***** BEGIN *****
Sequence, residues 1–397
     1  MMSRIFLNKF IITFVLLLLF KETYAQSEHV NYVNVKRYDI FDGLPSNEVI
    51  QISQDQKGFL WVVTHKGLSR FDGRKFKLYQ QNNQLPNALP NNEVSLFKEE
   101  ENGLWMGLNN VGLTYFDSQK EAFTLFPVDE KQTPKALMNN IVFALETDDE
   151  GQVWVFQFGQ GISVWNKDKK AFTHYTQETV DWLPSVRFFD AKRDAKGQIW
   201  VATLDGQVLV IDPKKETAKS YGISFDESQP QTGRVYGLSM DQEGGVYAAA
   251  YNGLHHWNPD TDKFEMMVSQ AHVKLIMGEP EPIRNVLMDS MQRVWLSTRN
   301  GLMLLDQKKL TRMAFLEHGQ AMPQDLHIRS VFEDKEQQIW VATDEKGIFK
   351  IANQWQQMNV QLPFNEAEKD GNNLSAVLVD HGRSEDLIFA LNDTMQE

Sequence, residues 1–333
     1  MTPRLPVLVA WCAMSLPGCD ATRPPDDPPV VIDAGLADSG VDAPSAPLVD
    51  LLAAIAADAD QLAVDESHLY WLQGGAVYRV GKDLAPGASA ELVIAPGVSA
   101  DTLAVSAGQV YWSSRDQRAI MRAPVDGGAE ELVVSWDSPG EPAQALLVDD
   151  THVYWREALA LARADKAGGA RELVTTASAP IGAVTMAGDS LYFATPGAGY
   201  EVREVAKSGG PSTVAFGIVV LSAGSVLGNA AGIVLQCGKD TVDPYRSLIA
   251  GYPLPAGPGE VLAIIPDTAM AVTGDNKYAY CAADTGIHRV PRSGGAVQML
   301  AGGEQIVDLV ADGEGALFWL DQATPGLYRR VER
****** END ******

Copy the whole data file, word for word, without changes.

Sequence, residues 1–397
     1  MMSRIFLNKF IITFVLLLLF KETYAQSEHV NYVNVKRYDI FDGLPSNEVI
    51  QISQDQKGFL WVVTHKGLSR FDGRKFKLYQ QNNQLPNALP NNEVSLFKEE
   101  ENGLWMGLNN VGLTYFDSQK EAFTLFPVDE KQTPKALMNN IVFALETDDE
   151  GQVWVFQFGQ GISVWNKDKK AFTHYTQETV DWLPSVRFFD AKRDAKGQIW
   201  VATLDGQVLV IDPKKETAKS YGISFDESQP QTGRVYGLSM DQEGGVYAAA
   251  YNGLHHWNPD TDKFEMMVSQ AHVKLIMGEP EPIRNVLMDS MQRVWLSTRN
   301  GLMLLDQKKL TRMAFLEHGQ AMPQDLHIRS VFEDKEQQIW VATDEKGIFK
   351  IANQWQQMNV QLPFNEAEKD GNNLSAVLVD HGRSEDLIFA LNDTMQE

Sequence, residues 1–333
     1  MTPRLPVLVA WCAMSLPGCD ATRPPDDPPV VIDAGLADSG VDAPSAPLVD
    51  LLAAIAADAD QLAVDESHLY WLQGGAVYRV GKDLAPGASA ELVIAPGVSA
   101  DTLAVSAGQV YWSSRDQRAI MRAPVDGGAE ELVVSWDSPG EPAQALLVDD
   151  THVYWREALA LARADKAGGA RELVTTASAP IGAVTMAGDS LYFATPGAGY
   201  EVREVAKSGG PSTVAFGIVV LSAGSVLGNA AGIVLQCGKD TVDPYRSLIA
   251  GYPLPAGPGE VLAIIPDTAM AVTGDNKYAY CAADTGIHRV PRSGGAVQML
   301  AGGEQIVDLV ADGEGALFWL DQATPGLYRR VER